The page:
Ted Williams: Lessons for the Down and Out

ted williams Ted Williams, former radio announcer, went from being homeless to appearing on the 'Today' show and receiving multiple job offers. Those offers are coming from just about every kind of employer, ranging from Kraft to the Cleveland Cavaliers. In the Washington Post, Alexandra Petri suggested that Williams replace Robert Gibbs as Barack Obama's press secretary.

Clearly, Williams' story has plenty of lessons for others who are down-and-out. These suggestions start off with stopping self-destructive behavior. For two years before he was re-discovered Williams had been substance free. Had he not been, the chances of him forging such an amazing comeback would have been diminished.

Second, know your strengths and go with them. Williams never lost sight of his speaking talent or the knowledge that its best setting was radio. A lot of folks have written off radio. Not Williams. He refers to the medium as the "theater of the mind."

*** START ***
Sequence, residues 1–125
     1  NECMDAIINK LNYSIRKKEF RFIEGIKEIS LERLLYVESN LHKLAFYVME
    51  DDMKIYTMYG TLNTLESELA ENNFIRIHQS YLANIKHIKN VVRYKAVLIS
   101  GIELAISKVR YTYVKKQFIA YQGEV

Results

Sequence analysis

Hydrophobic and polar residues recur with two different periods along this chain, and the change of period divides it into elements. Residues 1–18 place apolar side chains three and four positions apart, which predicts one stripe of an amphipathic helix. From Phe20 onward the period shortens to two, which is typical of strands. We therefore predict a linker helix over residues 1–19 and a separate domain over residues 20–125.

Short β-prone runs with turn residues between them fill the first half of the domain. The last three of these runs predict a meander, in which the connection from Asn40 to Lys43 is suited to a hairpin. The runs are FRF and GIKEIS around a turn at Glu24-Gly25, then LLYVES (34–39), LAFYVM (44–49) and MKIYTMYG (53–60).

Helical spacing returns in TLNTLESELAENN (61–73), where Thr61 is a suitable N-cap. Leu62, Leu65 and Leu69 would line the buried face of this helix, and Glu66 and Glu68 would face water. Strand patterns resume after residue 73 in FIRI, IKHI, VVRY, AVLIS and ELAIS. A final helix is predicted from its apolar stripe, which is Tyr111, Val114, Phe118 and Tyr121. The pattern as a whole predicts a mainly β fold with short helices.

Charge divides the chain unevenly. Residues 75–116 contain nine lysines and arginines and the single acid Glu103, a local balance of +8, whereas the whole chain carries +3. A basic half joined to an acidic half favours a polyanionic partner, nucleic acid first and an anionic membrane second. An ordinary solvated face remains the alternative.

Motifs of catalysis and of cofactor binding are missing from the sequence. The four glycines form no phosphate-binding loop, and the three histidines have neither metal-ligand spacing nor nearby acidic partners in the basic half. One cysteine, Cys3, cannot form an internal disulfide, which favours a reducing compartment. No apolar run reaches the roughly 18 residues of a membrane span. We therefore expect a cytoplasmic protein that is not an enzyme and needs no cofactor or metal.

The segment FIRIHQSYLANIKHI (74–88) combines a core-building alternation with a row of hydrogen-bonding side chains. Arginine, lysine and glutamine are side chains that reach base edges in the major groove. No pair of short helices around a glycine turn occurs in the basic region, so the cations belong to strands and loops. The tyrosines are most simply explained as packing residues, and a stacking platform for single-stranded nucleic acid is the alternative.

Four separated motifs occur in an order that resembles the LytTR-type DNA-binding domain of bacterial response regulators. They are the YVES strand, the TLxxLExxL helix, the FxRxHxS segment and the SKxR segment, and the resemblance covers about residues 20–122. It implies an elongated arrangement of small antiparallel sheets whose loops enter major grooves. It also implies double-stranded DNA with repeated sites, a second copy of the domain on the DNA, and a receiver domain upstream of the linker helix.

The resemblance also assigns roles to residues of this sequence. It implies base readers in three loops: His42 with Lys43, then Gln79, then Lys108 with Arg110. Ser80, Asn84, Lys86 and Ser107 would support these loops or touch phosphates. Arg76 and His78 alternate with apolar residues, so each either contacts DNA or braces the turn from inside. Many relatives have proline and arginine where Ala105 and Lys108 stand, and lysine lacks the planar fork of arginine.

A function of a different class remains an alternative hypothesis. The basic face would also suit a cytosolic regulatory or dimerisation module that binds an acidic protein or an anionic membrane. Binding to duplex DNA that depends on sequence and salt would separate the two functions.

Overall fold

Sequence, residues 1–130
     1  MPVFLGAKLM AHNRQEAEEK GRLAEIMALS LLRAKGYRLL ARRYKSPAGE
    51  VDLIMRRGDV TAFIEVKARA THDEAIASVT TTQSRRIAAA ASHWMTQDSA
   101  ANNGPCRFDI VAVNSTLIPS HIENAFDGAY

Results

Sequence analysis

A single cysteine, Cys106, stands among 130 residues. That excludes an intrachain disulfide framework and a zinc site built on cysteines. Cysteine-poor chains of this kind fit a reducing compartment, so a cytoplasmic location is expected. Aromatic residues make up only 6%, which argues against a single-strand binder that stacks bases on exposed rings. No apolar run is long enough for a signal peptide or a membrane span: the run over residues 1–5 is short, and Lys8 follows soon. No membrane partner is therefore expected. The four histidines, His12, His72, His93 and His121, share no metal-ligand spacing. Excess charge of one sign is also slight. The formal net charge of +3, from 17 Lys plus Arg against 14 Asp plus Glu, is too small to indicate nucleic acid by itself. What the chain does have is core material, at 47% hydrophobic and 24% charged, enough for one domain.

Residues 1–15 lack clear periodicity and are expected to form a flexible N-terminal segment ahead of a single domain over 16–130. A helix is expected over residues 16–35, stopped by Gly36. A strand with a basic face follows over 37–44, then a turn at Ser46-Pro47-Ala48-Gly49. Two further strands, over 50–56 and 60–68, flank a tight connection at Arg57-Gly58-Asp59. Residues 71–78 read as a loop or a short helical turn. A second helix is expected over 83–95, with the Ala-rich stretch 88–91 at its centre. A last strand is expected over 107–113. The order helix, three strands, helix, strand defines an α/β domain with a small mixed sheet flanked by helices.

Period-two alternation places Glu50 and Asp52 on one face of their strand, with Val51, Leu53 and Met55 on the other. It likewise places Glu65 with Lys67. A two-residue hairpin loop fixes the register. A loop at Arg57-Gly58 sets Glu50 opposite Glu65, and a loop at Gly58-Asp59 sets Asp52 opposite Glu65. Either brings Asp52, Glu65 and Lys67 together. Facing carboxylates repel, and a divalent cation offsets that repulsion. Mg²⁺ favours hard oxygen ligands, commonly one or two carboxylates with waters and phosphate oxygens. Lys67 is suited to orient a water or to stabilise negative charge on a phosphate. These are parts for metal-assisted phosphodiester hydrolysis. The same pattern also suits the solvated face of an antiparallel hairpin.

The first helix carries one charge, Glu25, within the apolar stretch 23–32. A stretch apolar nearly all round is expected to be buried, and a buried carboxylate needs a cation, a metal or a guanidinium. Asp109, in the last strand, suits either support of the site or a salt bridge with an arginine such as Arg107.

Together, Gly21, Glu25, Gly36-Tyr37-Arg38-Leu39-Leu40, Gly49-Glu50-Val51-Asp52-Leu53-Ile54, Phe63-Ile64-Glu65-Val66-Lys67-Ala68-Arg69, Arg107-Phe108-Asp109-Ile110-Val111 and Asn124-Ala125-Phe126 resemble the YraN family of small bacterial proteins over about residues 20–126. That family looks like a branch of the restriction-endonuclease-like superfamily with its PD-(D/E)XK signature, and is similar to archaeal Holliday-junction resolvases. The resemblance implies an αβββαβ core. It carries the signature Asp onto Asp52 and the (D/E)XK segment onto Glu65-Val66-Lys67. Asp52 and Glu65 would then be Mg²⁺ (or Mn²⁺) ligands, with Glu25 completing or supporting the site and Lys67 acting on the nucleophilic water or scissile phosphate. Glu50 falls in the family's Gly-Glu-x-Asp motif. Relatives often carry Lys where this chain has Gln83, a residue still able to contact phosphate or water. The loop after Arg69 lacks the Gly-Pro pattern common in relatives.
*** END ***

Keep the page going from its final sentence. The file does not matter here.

And, third, be quick on your feet. When the public keeps accusing the Obama administration of not creating jobs, Williams swings back with the reality that people such as himself, are finding jobs. In fact, he has his pick of jobs. That quickness underlies the new economy in which success comes through opportunism -- that is, identifying possibility, pouncing on it, and exploiting it to the maximum. Forget plodding and too much planning.

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Jane Genova

Editor

Jane Genova http://janegenova.com began focusing on transitions when the academic market collapsed as she was writing her dissertation in linguistics and literature at the University of Michigan.  After re-establishing herself in the public relations industry, she gradually published on the subject.  Her first piece was on The Professional Woman in THE WALL STREET JOURNAL.  Since then, she co-authored the book THE CRITICAL 14 YEARS OF YOUR PROFESSIONAL LIFE and myriad e-books and articles on career subjects ranging from emotional intelligence to aging.  In the 1980s she attempted another change by attending Harvard Law School.  She didn’t complete the degree but channeled that experience into maintaining a legal blog [http://lawandmore.typepad.com] housed at the Library of Congress.

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